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BASILDON UNITED have called upon the new town residence to turn up at Gardiners Close in droves and help establish them as the regions top non-league football club.
Basildon is a huge catchment area. In recent years the Bees local rivals, Bowers & Pitsea, have emerged, establishing themselves in the Isthmian League Premier Division as well as developing an impressive facility with an all-weather playing surface at their Len Salmon Stadium. However, United are convinced that with the backing of local football enthusiasts, they can emulate that success and push on to greater things.
“The borough of Basildon has a population of almost 110,000 – we want them to know we are here, support us, and to help us grow into a football club they can be proud of,” Vice-Chairman, Lee Connor, told Yellow Sport.
“We currently average around 150 through the turnstile. But we provide affordable football and with help, support and input from the local people we can take the club in the right direction.
“Since winning promotion, we have really flourished, especially off the field. We have made numerous upgrades to the ground, meeting the new grading rules.”
An upgrade on the car park, new turnstiles, a refreshment bar, club shop as well as improvements to the players changing rooms, extra seating and barriers surrounding the pitch are amongst the eyecatching changes at Gardiners Close.
History suggests the potential for a sound fanbase. In 1967 a record crowd of almost 5,000 witnessed United’s inaugural fixture at their old Gloucester Park ground against a West Ham United XI, while 3,600 were in attendance when the Bees again entertained the Hammers to open Gardiners Close three years later.
In October 1979, more than 2,000 attended the Bees first game under the lights against a strong Crystal Palace side, while four-figure crowds flocked to Gardiners Close in the mid-’80s when the ground was used to stage several FA Sunday Cup semi-finals.
“If initially, we could attract a regular 500 supporters, that would make a huge difference in term of our playing budget and providing extra facilities at the ground,” Connor added.
“I understand lots of fans head to West Ham or Southend on a Saturday, but we can also offer them a game to watch when their favourites are away or not playing.”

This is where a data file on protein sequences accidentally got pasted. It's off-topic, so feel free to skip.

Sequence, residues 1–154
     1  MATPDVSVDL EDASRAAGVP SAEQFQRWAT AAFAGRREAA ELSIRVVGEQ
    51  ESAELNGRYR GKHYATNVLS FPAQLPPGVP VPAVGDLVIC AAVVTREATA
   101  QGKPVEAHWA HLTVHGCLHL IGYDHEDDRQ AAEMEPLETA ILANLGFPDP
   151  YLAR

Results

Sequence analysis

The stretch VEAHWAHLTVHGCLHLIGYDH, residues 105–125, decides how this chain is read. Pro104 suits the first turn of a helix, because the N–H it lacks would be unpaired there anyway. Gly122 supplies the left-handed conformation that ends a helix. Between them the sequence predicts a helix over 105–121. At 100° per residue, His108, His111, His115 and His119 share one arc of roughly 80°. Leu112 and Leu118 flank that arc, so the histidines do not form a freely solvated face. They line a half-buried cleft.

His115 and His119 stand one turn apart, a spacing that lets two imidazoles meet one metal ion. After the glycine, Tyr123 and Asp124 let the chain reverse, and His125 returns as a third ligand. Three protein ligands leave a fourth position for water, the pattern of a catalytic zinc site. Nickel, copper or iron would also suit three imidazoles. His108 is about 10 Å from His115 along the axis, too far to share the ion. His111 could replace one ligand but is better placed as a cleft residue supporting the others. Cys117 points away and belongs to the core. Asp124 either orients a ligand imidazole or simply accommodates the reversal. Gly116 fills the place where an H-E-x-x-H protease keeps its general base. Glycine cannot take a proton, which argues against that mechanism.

Despite the barren years in between, Basildon United’s return to the Isthmian League after a twenty-six-year absence was greeted by more than 600 fans – Marcus Bowers’ stunning last-minute free-kick sealing a single-goal success over Redbridge and the Essex Senior League title under the management of Marc Harrison.
But the Bees return has been blighted by uncertainty with five managerial changes and a desperate struggle to hang on to their reestablished status, something that isn’t lost on Connor: “It hasn’t been plain sailing and we’ve made mistakes which we are keen to learn from and move on altogether more positively.
“We now have Alex Salmon managing the side, while Dave Maxwell is doing a fantastic job as Chairman – both provide a positive philosophy. I firmly believe we are starting to build a strong foundation.”
And despite the non-league game finding itself largely in limbo due to the current COVID-19 pandemic, the Bees haven’t stood still and are already planning for when football returns.
An upgrade of the floodlighting and playing surface along with a new Basildon United reserve team are features likely to to be seen, come the start of the 2020/21 campaign. Connor was quick to point out the importance of a second-string, offering another stepping stone from the clubs’ current youth set-up.
“The reserves section offers us a new dimension and will provide football for those pushing for a first-team place. We want to give local talent an opportunity, a pathway. Lots of clubs throw money at their playing budget unnecessarily. We are keen to find footballers from the area who we can help make the breakthrough into senior football.”
But Connor’s main ambition is to see the Basildon public heading in great numbers to Gardiners Close: “We really want the townsfolk to get behind us.
“Basildon has huge potential to house a successful football club. In the past, both Leyton Orient and Southend United have considered moving here. But we are at the core of the community and would love to see hundreds turning up on a matchday to support their local team.
“I’m urging fans to give it a go. We already have the ‘New Town Loyals’ supporters group who follow us around. It’s a warm atmosphere. Trust me, it’s very special.”